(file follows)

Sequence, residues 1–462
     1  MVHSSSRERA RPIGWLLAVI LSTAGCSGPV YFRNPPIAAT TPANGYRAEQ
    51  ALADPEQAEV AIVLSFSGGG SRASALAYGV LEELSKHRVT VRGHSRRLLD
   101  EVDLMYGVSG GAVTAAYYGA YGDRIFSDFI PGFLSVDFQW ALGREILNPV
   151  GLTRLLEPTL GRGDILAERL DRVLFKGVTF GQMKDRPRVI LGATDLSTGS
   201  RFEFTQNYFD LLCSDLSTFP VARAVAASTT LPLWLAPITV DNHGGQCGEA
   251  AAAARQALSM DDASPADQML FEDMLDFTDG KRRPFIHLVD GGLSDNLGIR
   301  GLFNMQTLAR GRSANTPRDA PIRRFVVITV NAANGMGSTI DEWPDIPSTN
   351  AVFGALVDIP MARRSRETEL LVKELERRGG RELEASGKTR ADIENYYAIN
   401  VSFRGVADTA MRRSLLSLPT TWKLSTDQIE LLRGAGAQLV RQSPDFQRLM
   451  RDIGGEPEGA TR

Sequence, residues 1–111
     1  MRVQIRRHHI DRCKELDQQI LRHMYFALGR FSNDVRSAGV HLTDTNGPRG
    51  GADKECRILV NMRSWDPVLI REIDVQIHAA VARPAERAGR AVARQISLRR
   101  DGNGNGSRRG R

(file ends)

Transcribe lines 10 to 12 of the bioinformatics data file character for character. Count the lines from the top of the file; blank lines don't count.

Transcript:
   401  VSFRGVADTA MRRSLLSLPT TWKLSTDQIE LLRGAGAQLV RQSPDFQRLM
   451  RDIGGEPEGA TR

Sequence, residues 1–111